Datapages, Inc.Print this page

Platform/Foreslope Facies and Buildup Geometry Resulting from Short-Term and Long-Term Eustatic Sea Level Fluctuations: Latemar Buildup (Middle Triassic), Dolomites, Northern Italy

Mark T. Harris, Robert Goldhammer

Superimposed short-term and long-term eustatic sea level fluctuations directly controlled Latemar platform stratigraphy and indirectly influenced the deeper water facies and overall buildup geometry. Deeper water facies, the foreslope and toe of slope, are a function of platform submergence (highstand shedding) and subaerial exposure (lowstand lithification and erosion) and thus only indirectly reflect eustatic fluctuations.

The Latemar consists of a platform core (3-4 km wide, 700 m thick) with a narrow margin, flanked by foreslope (30-35° dips), toe of slope, and basin deposits. The shallowing-upward platform sequence records a long-term (about 10 m.y.) eustatic sea level oscillation with an amplitude of about 150 m. The lower 250 m marks an initial catch-up phase (subtidal carbonates); the upper 450 m marks the sequential keep-up phase (meter-scale cyclic carbonates). These cycles record platform submergence and exposure caused by short-term (104-105 years) Milankovitch eustatic oscillations superimposed on the long-term trend.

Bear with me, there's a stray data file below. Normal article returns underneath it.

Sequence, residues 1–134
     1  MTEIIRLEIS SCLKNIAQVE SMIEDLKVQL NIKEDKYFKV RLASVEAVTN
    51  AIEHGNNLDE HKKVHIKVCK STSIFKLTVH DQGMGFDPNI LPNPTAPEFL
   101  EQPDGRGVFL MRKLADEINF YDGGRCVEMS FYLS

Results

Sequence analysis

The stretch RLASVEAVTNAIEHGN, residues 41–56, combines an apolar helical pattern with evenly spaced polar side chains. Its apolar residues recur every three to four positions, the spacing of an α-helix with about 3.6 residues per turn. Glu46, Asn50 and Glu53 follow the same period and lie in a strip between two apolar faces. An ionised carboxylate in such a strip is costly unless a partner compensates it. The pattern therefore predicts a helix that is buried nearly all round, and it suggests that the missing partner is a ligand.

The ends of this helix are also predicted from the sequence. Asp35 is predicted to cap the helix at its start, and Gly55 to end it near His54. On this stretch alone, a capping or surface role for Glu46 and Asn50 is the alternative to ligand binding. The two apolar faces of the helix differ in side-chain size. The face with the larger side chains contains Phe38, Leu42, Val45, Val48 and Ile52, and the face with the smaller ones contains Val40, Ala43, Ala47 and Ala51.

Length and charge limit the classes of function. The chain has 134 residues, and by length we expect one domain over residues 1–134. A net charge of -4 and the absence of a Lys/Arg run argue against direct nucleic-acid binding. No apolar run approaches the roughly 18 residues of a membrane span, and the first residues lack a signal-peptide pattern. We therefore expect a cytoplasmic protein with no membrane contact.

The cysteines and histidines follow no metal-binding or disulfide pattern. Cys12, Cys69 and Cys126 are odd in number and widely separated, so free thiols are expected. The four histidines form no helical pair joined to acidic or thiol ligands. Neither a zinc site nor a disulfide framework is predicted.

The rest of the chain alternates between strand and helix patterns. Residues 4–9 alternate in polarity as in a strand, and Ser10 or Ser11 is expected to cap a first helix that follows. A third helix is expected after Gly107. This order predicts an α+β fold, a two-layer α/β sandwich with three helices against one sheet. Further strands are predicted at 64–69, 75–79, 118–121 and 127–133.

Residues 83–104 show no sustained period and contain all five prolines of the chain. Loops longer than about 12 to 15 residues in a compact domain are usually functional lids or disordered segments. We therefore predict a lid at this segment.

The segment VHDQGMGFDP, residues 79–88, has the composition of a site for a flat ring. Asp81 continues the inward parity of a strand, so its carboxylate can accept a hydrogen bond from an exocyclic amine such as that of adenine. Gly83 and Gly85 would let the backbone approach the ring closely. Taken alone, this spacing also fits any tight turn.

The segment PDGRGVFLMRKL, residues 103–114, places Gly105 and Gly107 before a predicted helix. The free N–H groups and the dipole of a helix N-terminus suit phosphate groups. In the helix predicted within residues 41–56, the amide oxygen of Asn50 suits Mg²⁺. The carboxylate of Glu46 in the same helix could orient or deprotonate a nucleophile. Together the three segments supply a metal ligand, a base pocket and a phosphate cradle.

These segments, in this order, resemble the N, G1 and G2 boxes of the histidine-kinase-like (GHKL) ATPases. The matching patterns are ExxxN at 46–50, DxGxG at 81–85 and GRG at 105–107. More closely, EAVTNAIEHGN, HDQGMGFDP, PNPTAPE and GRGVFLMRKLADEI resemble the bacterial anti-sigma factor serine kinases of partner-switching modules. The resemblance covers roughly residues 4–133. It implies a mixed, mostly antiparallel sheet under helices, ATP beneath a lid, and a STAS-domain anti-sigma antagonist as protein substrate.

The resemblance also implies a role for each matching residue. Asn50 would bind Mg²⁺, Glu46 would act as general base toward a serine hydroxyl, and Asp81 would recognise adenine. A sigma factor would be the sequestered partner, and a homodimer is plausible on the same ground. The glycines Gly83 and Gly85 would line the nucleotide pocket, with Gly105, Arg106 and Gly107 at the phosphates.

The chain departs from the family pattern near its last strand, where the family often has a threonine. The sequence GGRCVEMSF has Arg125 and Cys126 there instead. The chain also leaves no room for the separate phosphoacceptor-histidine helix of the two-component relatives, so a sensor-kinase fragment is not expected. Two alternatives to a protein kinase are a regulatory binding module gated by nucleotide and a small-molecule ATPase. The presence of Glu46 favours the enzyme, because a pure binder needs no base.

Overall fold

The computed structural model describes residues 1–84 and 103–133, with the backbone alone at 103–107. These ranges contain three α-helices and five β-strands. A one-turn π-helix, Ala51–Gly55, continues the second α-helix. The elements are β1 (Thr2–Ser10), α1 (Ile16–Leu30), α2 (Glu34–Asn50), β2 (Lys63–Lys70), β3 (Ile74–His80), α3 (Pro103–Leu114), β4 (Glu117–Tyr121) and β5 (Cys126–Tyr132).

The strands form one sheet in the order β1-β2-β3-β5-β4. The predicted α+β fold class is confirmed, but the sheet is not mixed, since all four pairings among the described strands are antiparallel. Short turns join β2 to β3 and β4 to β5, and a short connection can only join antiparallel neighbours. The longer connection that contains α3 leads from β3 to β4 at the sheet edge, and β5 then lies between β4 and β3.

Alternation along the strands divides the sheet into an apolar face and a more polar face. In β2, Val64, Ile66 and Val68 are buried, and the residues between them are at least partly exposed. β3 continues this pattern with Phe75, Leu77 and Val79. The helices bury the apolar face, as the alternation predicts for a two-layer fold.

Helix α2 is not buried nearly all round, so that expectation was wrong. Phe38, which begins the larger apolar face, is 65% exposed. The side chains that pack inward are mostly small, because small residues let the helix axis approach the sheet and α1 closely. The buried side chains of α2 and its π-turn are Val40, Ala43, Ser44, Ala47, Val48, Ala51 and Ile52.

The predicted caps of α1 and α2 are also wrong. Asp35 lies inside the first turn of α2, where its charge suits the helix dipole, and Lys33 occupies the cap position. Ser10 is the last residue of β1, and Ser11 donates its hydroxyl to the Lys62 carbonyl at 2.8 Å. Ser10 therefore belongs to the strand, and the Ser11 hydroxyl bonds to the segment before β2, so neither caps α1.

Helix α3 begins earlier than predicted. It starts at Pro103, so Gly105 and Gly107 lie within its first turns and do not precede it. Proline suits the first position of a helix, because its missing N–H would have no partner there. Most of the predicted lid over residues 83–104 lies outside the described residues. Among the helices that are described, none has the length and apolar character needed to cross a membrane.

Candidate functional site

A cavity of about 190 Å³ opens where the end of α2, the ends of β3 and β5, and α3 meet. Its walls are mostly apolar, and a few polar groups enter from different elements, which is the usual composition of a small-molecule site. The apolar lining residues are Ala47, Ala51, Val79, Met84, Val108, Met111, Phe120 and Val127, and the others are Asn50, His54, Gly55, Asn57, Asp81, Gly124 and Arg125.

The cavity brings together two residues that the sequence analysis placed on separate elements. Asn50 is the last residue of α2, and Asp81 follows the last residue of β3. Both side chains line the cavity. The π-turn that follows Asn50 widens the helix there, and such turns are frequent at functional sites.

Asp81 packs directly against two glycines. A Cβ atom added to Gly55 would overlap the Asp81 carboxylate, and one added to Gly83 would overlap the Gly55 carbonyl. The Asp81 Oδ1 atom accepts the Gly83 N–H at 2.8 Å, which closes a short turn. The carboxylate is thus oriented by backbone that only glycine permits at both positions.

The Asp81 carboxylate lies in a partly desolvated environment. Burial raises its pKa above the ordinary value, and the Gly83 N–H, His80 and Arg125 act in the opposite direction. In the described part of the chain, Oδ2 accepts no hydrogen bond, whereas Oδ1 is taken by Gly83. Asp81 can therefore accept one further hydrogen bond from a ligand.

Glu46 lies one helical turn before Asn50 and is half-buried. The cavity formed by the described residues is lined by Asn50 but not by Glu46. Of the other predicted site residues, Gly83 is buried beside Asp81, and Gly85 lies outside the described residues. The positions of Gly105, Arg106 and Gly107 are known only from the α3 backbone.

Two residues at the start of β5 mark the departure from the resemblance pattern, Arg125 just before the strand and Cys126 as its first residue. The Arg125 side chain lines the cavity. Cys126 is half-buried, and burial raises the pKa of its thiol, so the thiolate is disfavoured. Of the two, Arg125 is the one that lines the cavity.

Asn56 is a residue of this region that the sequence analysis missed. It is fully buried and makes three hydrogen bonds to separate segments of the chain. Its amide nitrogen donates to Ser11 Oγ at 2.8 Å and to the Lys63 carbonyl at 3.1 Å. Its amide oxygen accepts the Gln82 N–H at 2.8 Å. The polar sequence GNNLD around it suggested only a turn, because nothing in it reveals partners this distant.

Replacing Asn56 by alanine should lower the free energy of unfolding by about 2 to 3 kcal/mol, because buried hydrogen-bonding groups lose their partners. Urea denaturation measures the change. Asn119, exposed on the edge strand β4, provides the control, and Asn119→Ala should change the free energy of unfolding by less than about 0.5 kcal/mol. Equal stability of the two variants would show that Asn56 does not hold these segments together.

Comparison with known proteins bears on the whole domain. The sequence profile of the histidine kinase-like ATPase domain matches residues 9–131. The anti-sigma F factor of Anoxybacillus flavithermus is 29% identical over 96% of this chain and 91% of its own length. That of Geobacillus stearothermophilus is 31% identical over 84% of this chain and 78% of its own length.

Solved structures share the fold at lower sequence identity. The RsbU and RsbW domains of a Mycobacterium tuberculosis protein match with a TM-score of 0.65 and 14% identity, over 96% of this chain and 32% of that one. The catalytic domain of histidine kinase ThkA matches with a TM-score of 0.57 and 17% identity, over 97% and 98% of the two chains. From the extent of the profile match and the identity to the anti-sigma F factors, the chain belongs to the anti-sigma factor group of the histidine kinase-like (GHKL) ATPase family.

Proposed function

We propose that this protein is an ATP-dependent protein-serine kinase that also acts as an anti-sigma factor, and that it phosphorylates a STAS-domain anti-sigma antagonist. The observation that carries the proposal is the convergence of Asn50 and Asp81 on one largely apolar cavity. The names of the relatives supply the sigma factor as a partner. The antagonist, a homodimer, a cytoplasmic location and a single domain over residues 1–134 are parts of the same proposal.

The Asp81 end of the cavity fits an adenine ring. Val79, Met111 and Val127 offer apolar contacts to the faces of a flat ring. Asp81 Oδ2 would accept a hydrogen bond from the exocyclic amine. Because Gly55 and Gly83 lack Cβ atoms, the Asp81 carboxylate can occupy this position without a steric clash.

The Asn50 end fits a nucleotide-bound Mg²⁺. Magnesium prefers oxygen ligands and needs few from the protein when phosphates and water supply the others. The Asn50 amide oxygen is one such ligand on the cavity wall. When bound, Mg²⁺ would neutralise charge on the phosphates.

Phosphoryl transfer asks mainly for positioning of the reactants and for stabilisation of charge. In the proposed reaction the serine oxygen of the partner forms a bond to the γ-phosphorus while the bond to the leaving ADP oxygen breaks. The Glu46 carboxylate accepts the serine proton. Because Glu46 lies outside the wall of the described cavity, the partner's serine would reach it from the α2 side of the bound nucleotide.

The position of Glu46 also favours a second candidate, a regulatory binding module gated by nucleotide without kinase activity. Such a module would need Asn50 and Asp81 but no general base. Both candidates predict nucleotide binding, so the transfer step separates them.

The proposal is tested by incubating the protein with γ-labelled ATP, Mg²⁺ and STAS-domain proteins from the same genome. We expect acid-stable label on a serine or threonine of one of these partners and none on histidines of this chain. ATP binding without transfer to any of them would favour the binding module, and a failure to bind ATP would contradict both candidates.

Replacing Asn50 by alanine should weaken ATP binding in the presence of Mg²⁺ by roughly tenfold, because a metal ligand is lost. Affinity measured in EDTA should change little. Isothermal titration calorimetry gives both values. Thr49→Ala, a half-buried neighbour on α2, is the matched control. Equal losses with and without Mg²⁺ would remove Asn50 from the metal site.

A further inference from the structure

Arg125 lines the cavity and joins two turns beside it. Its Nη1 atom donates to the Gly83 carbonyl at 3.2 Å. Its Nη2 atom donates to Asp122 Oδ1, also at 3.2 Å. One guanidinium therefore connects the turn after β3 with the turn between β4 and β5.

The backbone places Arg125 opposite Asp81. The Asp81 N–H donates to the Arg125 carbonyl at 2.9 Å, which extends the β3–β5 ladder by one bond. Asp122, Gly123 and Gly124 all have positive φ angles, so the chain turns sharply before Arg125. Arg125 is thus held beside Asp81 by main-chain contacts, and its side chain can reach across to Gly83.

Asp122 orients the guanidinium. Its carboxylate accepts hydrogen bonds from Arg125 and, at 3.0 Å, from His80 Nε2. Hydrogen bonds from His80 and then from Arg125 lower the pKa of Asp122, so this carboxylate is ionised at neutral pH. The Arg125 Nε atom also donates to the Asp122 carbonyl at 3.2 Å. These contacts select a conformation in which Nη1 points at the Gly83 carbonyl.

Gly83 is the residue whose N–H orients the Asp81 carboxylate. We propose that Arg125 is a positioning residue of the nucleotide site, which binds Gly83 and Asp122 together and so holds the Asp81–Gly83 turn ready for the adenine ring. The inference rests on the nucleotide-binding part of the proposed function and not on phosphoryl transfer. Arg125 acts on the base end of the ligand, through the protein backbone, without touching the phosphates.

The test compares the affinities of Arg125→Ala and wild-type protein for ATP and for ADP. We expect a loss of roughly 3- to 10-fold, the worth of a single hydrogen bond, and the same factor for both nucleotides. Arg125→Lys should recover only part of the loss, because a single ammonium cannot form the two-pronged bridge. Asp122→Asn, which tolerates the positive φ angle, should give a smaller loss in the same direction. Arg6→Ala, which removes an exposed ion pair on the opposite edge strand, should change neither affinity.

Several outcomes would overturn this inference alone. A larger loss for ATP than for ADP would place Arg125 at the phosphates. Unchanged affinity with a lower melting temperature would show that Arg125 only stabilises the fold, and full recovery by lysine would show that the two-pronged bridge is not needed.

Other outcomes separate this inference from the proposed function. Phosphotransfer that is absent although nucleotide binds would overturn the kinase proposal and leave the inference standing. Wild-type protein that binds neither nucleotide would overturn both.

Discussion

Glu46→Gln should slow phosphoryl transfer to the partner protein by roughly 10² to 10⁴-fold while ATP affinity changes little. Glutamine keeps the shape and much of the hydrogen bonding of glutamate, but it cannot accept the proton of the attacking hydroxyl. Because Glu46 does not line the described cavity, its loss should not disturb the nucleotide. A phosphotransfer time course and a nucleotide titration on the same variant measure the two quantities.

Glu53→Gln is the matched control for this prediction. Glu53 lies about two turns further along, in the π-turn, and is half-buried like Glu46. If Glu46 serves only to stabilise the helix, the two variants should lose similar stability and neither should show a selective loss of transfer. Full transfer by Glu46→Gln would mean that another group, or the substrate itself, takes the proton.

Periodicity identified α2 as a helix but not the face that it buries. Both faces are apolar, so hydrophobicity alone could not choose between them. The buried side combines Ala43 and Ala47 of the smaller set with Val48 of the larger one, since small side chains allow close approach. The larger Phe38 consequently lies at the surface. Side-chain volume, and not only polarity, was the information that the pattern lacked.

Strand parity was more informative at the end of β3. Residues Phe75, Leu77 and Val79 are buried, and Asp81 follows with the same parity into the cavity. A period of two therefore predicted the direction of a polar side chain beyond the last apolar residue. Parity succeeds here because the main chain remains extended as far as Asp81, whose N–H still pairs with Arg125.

Platform submergence and exposure conditions result in contrasting foreslope deposits. During highstands, platform-derived sands bypass the foreslope, accumulating as toe-of-slope graded beds and basin turbidites. During lowstands, sand supply ceases, producing basin hardgrounds. Foreslope megabreccias contain margin-derived boundstone clasts, with only minor platform-derived sands (highstands) and lithified clasts (lowstands).

As the platform margin/foreslope contact is nearly vertical, a progressively increasing volume of foreslope megabreccia was needed to maintain the depositional geometry. This coincides with the most commonly exposed platform interval, suggesting that platform exposure determines buildup flank geometry by controlling megabreccia clast production.

AAPG Search and Discovery Article #91038©1987 AAPG Annual Convention, Los Angeles, California, June 7-10, 1987.